7 things that happen when you ditch carbs

Whether you are cutting out refined grains, whole grains, or carbs in general, the effects can vary widely


UMNIA SHAHID July 03, 2015
Whether you are cutting out refined grains, whole grains, or carbs in general, the effects can vary widely. Photo: Authority nutrition

The low-carb obsession continues to wreak havoc in dieters lives. Even with Ramazan in place, people fasting too are experimenting with how low their carb intake can go. Suddenly, bread is the enemy and pasta is overrated. But grains are anything but all the same. So whether you are cutting out refined grains, whole grains, or carbs in general, the effects can vary widely.

As compiled from Women’s Health magazine and Rodale News, here’s a look at the things that happen when you ditch more than just the bread basket:

1. You lose water weight

When you reduce your carb intake, the first thing you notice is how quickly the weight falls off. But don’t be too happy because it’s not fat you’re losing. It’s water. “When carbs are stored in the body in the form of glycogen, each gram of carbohydrate stores three to four times its weight in water,” says dietitian and strength coach Marie Spano. So as soon as you cut carbs and start using your glycogen stores, you’ll lose a good amount of water weight, which will creep back on quicker than ever next time you fall weak to the dessert menu.  Best thing about consuming carbs in moderation is that the occasional cheat meals won’t affect you as much since your body is used to metabolising carbs.

2. You catch the ‘low-carb flu’

“Carbs are the brain’s main source of energy,” says Spano. “When a person cuts down on carbs, the brain is running on fumes, especially as glycogen stores get low and become depleted.” Eventually, once all that glycogen is gone, your body breaks down fat and runs off of little carbon fragments called ketones. The result: bad breath, dry mouth, tiredness, weakness, dizziness, insomnia, nausea, and brain fog. Basically, you feel like you have the flu. Eventually, your body adapts to running on ketones so you don’t feel so bad, but they are still aren’t your body’s preferred fuel source, says Spano, which in turn can give you dizzy spells and black outs if you exert yourself too hard at work or otherwise.

3. Your cravings subside

Refined carbohydrates are infamous for sending your blood-sugar levels through the roof, only for them to crash back down again. And recent research published in the American Journal of Clinical Nutrition suggests that the rollercoaster ride activates addiction centres in the brain, leading to subsequent cravings that can lead to over-eating and weight gain. Choosing fibre-rich whole grains, such as whole grain bread, or lentils though, can keep blood-sugar levels from plummeting abnormally to prevent cravings, says nutritionist Alex Caspero — another great reason to load up on hummus and daal this Ramazan.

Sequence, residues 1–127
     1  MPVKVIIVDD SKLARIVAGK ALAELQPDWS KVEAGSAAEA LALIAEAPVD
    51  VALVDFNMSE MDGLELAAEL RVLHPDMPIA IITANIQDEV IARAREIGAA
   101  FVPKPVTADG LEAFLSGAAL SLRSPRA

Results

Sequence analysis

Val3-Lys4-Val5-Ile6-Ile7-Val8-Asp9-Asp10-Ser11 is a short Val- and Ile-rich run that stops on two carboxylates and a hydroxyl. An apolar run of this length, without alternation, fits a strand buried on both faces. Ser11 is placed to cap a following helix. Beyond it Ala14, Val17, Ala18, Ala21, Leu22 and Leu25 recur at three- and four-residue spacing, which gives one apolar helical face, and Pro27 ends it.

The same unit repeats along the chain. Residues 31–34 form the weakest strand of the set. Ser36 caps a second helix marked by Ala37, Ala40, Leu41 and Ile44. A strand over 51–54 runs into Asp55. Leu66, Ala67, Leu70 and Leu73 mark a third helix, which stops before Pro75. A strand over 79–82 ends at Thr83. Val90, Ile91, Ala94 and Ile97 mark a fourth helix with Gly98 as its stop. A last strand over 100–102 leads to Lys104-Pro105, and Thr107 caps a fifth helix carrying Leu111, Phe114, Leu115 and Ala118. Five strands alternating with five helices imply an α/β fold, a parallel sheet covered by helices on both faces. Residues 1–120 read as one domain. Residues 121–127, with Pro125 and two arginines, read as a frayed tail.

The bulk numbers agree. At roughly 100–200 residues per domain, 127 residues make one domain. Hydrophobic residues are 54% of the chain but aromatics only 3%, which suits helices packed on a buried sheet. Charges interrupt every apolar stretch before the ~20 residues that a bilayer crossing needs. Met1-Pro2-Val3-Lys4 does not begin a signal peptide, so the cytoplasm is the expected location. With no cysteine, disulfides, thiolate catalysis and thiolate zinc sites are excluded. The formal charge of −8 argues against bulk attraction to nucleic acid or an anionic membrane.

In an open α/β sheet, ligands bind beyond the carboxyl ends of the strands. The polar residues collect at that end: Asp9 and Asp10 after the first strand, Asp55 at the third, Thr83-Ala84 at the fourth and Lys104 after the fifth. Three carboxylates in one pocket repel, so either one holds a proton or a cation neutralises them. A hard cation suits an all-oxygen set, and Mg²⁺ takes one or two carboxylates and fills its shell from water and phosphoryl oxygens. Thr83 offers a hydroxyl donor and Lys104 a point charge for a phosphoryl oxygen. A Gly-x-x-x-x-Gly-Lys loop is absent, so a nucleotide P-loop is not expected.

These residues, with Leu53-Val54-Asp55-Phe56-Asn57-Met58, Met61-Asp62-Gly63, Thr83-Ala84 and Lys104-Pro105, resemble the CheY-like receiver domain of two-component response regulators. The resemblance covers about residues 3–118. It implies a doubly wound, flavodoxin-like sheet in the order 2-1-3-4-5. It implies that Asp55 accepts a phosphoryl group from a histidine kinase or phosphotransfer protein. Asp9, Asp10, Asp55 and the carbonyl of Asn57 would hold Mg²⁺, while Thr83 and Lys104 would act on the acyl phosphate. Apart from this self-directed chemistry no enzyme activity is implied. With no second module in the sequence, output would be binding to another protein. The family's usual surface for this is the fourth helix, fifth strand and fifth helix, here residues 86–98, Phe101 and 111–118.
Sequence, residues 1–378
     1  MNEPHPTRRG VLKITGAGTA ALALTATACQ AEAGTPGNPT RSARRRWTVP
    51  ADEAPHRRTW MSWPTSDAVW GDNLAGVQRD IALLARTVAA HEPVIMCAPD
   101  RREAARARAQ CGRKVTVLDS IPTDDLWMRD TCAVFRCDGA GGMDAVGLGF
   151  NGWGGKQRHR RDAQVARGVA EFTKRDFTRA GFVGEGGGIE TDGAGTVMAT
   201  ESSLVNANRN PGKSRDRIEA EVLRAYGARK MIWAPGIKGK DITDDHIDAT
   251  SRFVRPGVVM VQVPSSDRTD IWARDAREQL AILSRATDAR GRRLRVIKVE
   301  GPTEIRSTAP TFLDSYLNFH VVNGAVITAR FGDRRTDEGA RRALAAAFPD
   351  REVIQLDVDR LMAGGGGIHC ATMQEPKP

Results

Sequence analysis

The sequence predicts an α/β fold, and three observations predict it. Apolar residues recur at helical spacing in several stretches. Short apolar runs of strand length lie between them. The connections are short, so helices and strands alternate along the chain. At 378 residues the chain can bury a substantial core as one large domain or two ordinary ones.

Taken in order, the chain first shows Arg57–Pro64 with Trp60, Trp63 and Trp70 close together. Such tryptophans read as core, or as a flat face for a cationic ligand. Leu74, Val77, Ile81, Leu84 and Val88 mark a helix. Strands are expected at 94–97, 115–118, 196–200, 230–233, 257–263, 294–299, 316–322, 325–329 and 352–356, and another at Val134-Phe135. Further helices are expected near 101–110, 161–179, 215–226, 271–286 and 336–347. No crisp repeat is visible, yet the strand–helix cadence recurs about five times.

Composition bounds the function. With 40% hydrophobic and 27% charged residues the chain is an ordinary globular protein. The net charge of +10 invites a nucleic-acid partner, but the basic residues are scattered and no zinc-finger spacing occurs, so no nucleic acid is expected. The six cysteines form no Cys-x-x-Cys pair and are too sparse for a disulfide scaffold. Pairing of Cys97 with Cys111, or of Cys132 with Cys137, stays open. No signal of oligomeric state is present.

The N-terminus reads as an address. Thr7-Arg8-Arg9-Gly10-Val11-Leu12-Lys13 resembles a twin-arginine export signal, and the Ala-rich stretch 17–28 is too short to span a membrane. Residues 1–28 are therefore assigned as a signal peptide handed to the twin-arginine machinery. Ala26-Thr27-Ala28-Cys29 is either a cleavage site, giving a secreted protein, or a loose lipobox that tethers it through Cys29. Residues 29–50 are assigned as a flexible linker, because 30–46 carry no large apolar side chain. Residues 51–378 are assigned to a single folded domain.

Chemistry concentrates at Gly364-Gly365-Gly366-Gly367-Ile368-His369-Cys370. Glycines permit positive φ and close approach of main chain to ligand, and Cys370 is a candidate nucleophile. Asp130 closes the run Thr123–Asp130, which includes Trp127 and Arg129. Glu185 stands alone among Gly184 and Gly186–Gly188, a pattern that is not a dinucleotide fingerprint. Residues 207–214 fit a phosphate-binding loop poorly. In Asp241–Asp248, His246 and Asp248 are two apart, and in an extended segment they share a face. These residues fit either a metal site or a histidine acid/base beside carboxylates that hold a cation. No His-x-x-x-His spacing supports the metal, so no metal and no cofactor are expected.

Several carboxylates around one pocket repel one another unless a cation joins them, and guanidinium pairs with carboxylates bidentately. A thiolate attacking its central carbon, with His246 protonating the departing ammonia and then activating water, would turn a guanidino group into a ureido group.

4. Risk of heart disease and diabetes goes up—or down

The class and type of grains you cut makes a big difference here. For instance, a 2014 study published in PLOS ONE found that refined carbohydrates drive up the body’s levels of a fatty acid called palmitoleic acid to raise the risk of heart disease and type 2 diabetes. Meanwhile, according to the American Heart Association, whole grains and healthy carbs like beans and chickpeas or cholay can improve blood-cholesterol levels and lower risk of heart disease, stroke, obesity, and type 2 diabetes. The choice is clear —  avoid doughnuts and opt for a lobia salad with guacamole instead.

5. Your energy levels drop

Carbs that come from whole grains are a great source of iron, magnesium, and B vitamins, all of which are critical in maintaining energy levels, says Spano, who notes that many people are already deficient in magnesium. Plus, since carbs are your body’s preferred fuel source, all of your cells slow down without a healthy supply, says Caspero. This could make you less productive at work and lazy with regular home chores. Make it a habit to consume good-carbs at every meal —  be it from a banana or a handful of almonds and cashews.

6. You get really moody

And not just because you’re eating all of your sandwiches as lettuce wraps. Carbs—whether they are whole or refined—increase the brain’s levels of the feel-good neurotransmitter serotonin, says Caspero. So when you cut down healthy carbs, such as whole grains or mangos for example, your mental health goes right along with it. Feeling cranky while on a diet? Ditch your cabbage soup diet for a roti made of whole wheat flour with gobi ki sabzi. Not only will this meal fill you up, it’ll keep you in high spirits and a chirpy mood with family and friends.

7. Your workouts suffer

“Carbohydrates are the body’s primary source of energy for fuelling all exercise, including both endurance and resistance training,” says Spano. “Cut carbs, and your energy will drop. Decrease your levels of your body’s stored carbohydrates, and your ability to produce force and power will decrease.” And the weaker your workouts, the worse your results. To enhance your level of fitness or the size of your biceps (for the boys), you have to load up on good carbs. Make sure to indulge in cardio, a core routine and weights, followed by a hearty protein shake with a banana or muscle-rejuvenating foods, such as eggs, whole wheat toast, porridge, oats, lentils, low fat dairy and fruits.

Published in The Express Tribune, July 4th,  2015.

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